Age of karst processes
This course is part of the programme:
Karstology (Third Level)
Objectives and competences
Karst and cave sediments are a relatively special type of geological material. The karst environment is as much inclined to the preservation of paleontological remains as to their disintegration. On one hand, karst regions are known as being rich with sites of paleontological remains but on the other the majority of cave fill is completely sterile, particularly sediment from inside caves. A second problem is the decomposition and mixing of various cave sediments that erase their original record. For this reason it is necessary to undertake the dating of karst processes using various dating methods. Since the karst and caves have developed since the Archeozoic, almost all dating methods can be employed, except of course those used to date igneous and metamorphic rock. The methods used to determine directly the age of cave sediments are based on physical, chemical, and biological factors and classic geological and stratigraphic approaches. Students will become familiar with various dating methods, which we can divide into six categories. Student is able to evaluate results acquired through the various dating methods depending on other geological records, geological context, and awareness of the reliability and limits of the methods. During the course, the students will also become familiar with paleokarst, stratigraphic gaps, problems of dating the onset of karstification, various phases in the filling of caves, the development of karst forms, etc.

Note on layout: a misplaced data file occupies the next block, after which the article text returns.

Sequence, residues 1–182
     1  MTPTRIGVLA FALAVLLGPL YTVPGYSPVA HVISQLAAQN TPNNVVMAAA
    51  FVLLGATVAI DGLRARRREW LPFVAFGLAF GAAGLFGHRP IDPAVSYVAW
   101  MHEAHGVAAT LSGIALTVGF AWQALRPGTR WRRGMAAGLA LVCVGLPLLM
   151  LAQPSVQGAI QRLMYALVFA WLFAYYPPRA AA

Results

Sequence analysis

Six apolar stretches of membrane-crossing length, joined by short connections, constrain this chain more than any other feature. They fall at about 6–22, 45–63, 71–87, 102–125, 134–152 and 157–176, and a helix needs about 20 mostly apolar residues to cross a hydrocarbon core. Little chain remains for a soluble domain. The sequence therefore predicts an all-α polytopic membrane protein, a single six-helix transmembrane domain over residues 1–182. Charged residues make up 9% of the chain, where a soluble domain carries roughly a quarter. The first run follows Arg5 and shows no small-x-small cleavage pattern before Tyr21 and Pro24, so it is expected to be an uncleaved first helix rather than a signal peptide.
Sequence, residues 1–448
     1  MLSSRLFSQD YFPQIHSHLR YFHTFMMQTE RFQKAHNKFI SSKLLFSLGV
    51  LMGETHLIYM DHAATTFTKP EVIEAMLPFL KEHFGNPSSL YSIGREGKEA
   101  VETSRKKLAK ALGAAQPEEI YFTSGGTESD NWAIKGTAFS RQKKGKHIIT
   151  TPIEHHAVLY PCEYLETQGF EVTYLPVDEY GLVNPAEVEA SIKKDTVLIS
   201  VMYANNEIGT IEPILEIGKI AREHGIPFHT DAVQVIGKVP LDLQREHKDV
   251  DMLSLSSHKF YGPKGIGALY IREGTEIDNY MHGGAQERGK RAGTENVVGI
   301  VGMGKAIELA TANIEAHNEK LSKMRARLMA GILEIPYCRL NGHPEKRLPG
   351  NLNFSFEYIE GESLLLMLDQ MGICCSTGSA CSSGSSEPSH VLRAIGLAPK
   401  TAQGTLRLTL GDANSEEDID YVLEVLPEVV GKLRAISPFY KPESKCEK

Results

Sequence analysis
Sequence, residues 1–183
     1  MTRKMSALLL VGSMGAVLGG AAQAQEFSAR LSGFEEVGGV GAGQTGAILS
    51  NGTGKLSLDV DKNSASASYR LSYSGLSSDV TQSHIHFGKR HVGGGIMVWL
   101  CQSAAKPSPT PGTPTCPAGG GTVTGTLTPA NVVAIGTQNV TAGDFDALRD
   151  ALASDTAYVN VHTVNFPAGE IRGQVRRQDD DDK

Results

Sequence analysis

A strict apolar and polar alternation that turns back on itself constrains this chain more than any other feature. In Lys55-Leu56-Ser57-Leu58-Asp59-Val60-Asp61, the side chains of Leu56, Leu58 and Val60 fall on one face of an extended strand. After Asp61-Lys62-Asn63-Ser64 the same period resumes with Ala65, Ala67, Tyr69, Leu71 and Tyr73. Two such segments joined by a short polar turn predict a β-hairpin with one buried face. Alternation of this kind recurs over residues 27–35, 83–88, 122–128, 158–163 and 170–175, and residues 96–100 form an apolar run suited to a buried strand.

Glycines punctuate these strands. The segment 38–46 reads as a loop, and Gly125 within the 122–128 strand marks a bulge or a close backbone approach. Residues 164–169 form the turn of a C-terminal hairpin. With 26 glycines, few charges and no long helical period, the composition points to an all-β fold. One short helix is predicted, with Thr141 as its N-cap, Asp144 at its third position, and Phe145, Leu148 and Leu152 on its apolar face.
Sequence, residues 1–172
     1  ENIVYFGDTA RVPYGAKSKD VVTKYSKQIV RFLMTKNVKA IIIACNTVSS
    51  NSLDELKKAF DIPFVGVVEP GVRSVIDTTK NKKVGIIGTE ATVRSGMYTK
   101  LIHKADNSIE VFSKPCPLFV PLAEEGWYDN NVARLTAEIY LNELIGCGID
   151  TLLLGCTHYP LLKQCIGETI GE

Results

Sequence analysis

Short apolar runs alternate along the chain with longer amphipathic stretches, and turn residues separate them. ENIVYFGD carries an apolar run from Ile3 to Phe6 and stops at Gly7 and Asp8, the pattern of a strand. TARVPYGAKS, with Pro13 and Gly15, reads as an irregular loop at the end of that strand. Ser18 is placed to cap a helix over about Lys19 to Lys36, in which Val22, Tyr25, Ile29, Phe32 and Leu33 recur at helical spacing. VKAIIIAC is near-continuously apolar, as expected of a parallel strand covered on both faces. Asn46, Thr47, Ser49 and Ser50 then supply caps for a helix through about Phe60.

Content (Syllabus outline)
- Dating methods
- Sidereal methods
- Isotopic methods
- Radiogenic methods
- Chemical and biological methods
- Geomorphic methods
- Correlative methods
- Error possibilities of methods and evaluating their results
- Dating paleokarst
- Dating various periods of karstification and filling phases in karst areas
Intended learning outcomes
The point learning outcomes is awareness of the importance knowledge of the age of sediments,
of the caves and of karstification processes at all, understanding of the relevant terminology and knowledge of dating methods; relative and absolute. Students are familiar with methods to the extent that are able to independently decide on the choice of the method for a particular problem, understand the results and know the weaknesses and the potential failures of specific method.
- Bosák, P., Ford, D.C., Glazek, J. & Horaček, I., (Ed.)1989: Paleokarst. A Systematic and Regional Review. Elsevier-Academia, Amsterdam –Praha.
- Bosák, P., 2002: Karst processes from the beginning to the end: how can they be dated? in Gabrovšek, F. (Ed.) Evolution of Karst: From Prekarst to Cessation, Carsologica, Založba ZRC, 191-223, Ljubljana.
- Bosák P., Pruner, P., Mihevc, A. & Zupan Hajna, N., 2000: Magnetostratigraphy and unconformities in cave sediments: case study from the Classical Karst, SW Slovenia. Geologos, 5, 13-30, Poznań.
The oral exam is designed to assess the student acquired knowledge from the classes and ability to understand, articulate and expressing their knowledge. Conditions for examination are the presence at the field work, a short essay (5-10 pages), by which the student works on a certain topic related to his seminar and dissertation. 50/50
Full Professor of Geology
1. Bosák P., Ford D. C., Głazek J., Horáček I. (Eds.; 1989): Paleokarst. A Systematic and Regional Review. – Elsevier–Academia: 1–728. Amsterdam–Praha. CD edition: Bosák P., Ford D. C., Głazek J., Horáček I. (Eds.; 2008): Paleokarst. A Systematic and Regional Review. – Karst Waters Institute, Digital Reprint, DR-2: 1–728.
2. Zupan Hajna N., Mihevc A., Pruner P., Bosák P. (2008): Palaeomagnetism and Magnetostratigraphy of Karst
University course code: 3KR005
Year of study: 1
- Lectures: 50 hours
- Seminar: 30 hours
- Field exercises: 10 hours
- Individual work: 90 hours
Course type: elective
Learning and teaching methods:
• lectures • individual consultations • field work and preparation of the report • individual work under s under supervision of the lecturer responsible for the course